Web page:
LINUX COMMANDS -1

LINUX COMMANDS

ls - list directory contents
 $ ls

file1  sub_dir1

who am i – this command identifies the invoking user and list the username, terminal line ,date and time of login
 $ who am i

anuj     pts/1        2015-01-03 17:10 (:0)

who - (show who is logged on) this is more powerful than who am i . It displays the  data about all the users that have logged into the system . It is crucial for multi-user operating system

 $ who

anuj     tty7         2015-01-03 16:31 (:0)
anuj     pts/1        2015-01-03 17:10 (:0)

pwd     print name of current/working directory
 $ pwd

/home/anuj/dir1

mkdir    make directories
rmdir remove empty directories

 $ mkdir dir3
 $ ls
dir3  file1  sub_dir1
 $ rmdir dir3
 $ ls
file1  sub_dir1
 $ rmdir sub_dir1
rmdir: failed to remove `sub_dir1': Directory not empty

cd change directory
 $ cd sub_dir1
 /sub_dir1$

 man - an interface to the on-line reference manuals . man is the system's manual pager.
 /sub_dir1$ man pwd
// this will generate the manual for the command

clear clear screen


File Manipulation

cat concatenate files and print on the standard output

Create file
 $ cat > file1
this is a file
// press CTRL + D to come out of the file typing section

view file
 /sub_dir1$ cat file2
this is my second file which is in direcotry sub_dir1 wich is a sub-directory of dir1

view 2 files simultaneously
// here file1 is a file in this directory and file2 is a file in a subdirectory named sub_dir1
//So we have written full path of file2

 $ cat file1 sub_dir1/file2
this is a file
this is my second file which is in direcotry sub_dir1 wich is a sub-directory of dir1

view 3 or more files
 $ cat file1 sub_dir1/file2 file1
this is a file
this is my second file which is in direcotry sub_dir1 wich is a sub-directory of dir1
this is a file

copy files

move file
// this shows directory contents
 $ ls
file1  sub_dir1
 $ mv  sub_dir1/file3 dir1
// this now shows the new directory contents
 $ ls
dir1  file1  sub_dir1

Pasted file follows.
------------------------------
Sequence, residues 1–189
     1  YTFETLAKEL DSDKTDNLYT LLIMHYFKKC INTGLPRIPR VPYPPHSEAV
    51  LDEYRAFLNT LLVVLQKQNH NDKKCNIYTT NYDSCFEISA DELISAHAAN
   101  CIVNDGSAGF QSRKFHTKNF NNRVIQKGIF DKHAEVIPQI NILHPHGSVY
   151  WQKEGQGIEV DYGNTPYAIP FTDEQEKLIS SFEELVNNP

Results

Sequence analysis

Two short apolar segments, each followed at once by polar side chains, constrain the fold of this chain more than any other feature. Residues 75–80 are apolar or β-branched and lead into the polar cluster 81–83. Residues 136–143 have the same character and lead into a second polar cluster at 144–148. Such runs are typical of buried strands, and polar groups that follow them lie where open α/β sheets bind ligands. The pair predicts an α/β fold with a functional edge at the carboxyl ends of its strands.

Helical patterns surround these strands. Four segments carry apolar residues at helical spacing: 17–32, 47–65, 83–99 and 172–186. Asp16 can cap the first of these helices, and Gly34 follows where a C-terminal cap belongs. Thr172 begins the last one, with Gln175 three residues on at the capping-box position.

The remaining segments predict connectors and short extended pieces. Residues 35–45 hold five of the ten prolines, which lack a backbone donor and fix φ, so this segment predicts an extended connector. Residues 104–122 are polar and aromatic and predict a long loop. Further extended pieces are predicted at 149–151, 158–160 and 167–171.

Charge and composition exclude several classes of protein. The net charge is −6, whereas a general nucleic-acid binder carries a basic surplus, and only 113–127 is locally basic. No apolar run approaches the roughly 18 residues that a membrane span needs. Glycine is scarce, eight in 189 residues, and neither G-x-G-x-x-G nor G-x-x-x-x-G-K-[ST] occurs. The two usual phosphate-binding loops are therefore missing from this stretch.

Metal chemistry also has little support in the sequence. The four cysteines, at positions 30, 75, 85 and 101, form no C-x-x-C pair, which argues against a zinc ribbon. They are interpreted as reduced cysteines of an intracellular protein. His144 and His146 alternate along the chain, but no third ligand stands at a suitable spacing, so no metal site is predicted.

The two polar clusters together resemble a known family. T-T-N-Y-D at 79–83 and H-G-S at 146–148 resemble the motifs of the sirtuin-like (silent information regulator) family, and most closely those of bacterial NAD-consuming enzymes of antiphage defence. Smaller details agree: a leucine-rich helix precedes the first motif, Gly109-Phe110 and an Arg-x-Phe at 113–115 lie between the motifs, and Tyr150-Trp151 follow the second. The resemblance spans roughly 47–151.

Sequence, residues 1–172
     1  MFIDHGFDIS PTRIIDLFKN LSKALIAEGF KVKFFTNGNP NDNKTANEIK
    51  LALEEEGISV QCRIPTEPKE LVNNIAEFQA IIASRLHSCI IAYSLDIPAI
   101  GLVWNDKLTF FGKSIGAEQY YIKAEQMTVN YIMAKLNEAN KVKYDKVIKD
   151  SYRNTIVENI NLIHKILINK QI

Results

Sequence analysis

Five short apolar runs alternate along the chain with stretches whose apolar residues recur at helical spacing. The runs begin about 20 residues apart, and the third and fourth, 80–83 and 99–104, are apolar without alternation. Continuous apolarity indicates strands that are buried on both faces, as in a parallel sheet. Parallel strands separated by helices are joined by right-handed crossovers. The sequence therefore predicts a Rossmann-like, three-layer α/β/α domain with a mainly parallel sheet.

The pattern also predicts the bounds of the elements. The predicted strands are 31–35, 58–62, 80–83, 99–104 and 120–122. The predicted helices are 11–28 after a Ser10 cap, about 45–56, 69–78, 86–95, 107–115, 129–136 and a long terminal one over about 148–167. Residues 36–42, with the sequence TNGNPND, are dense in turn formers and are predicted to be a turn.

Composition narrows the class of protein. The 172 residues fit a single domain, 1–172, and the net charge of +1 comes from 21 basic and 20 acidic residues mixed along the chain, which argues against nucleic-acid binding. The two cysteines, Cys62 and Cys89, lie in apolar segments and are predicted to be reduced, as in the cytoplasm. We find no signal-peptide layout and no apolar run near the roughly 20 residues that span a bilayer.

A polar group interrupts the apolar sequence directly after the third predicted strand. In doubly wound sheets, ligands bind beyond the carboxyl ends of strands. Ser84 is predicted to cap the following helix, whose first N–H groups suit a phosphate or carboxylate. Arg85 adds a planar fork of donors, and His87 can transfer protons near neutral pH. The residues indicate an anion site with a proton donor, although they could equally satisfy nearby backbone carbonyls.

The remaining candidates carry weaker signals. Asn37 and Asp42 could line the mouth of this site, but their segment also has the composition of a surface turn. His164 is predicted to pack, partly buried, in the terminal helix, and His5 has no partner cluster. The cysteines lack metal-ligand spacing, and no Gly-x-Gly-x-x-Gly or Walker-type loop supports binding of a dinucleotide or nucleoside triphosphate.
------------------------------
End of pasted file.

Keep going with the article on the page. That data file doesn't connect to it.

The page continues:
delete file
// this shows directory contents
 $ ls
dir1  file1  sub_dir1
 $ rm file1
// this now shows the new directory contents
 $ ls
dir1  sub_dir1

Calculator

 $ bc
bc 1.06.95
Copyright 1991-1994, 1997, 1998, 2000, 2004, 2006 Free Software Foundation, Inc.
This is free software with ABSOLUTELY NO WARRANTY.
For details type `warranty'.
5+4
9
2+5*8
42
2+5*8/4
12

WildCard Characters

  * character : It represents all characters including an empty space
// we have tried to match the sub_dir1 directory

 $ ls -x *_dir1
file2
          // we got our match but the terminal display its sub – files

  ? character : It represents a single character

 $ ls d???
dir1

  [] enclose a list of character where the match is on any single character enclosed  in the bracket

 $ ls d[i]*
dir1

Ownership & Protection
There are 3 classes of user who may have access to a file :

  Owner: The owner is the user who initially created the file.
  Group: Several users can be combined into a usergroup & so there is a group ownership associated with each file & directory.
  Public: All other users od Unix system that is , anyone who has a username and can gain access to the system.

There are 3 types  of permission :

  Read: User can look at the contents of that file.
  Write: User can change the contents of that file.
  Execute: User can use the file as a Unix command.
changing Permission with chmod


Two ways for doing this:
- As an absolute value given as an octal number.
-Symbolic mode

1) Absolute Value

 $ cat > file1
this is your file

 $ ls -l
total 4
-rw-rw-r-- 1 anuj anuj 18 Jan  7 21:04 file1

 $ chmod 644 file1
 $ ls -l
total 4
-rw-r--r-- 1 anuj anuj 18 Jan  7 21:04 file1

 $ chmod 777 file1
 $ ls -l
total 4
-rwxrwxrwx 1 anuj anuj 18 Jan  7 21:04 file1

2) Symbolic Mode

$ cat > file1
this is your file

$ ls -l
total 4
-rw-rw-r-- 1 anuj anuj 18 Jan  7 21:04 file1

$ chmod a=r,u=r+w+x file1

$ ls -l
total 4
-rwxr--r-- 1 anuj anuj 18 Jan  7 21:04 file1

User Mask

  umask - set file mode creation mask

$umask
0002

$umask 777
$ umask
0777
Input Output Process

Three standard files:
- Standard Input
- Standard Output
-Diagnostic Output

- Redirecting Standard Input

 $ cat file1 > sub_dir1/file3

// you can check the contents by using cat command

 $ cat  sub_dir1/file3
this is a file


- Redirecting Standard Output

$ ls -l >list_file

// you can check the contents by using cat command
$ cat list_file

total 76
drwxr-xr-x 2 anuj anuj  4096 Jan  8 08:20 Desktop
drwxr-xr-x 2 anuj anuj  4096 Jan  4 19:25 Documents
drwxr-xr-x 2 anuj anuj  4096 Jan  8 19:06 Downloads
-rw-r--r-- 1 anuj anuj  8445 Jan  4 19:18 examples.desktop
-rw-rw-r-- 1 anuj anuj 26032 Jan  8 18:35 linux_1348129829.jpg
-rw-rw-r-- 1 anuj anuj     0 Jan  8 19:16 list_file
drwxr-xr-x 2 anuj anuj  4096 Jan  4 19:25 Music
drwxrwxr-x 2 anuj anuj  4096 Jan  7 21:04 npgc
drwxr-xr-x 2 anuj anuj  4096 Jan  4 19:25 Pictures
drwxr-xr-x 2 anuj anuj  4096 Jan  4 19:25 Public
drwxr-xr-x 2 anuj anuj  4096 Jan  4 19:25 Templates
drwxr-xr-x 2 anuj anuj  4096 Jan  4 19:25 Videos

-Appending Standard Output
$ cat > xy_file
this is a file
anuj@anuj-G31M-ES2L:~$ cat > xy2_file
i want to append this to xy_file
anuj@anuj-G31M-ES2L:~$ cat xy2_file>>xy_file
anuj@anuj-G31M-ES2L:~$ cat  xy_file
this is a file
i want to append this to xy_file







Post a Comment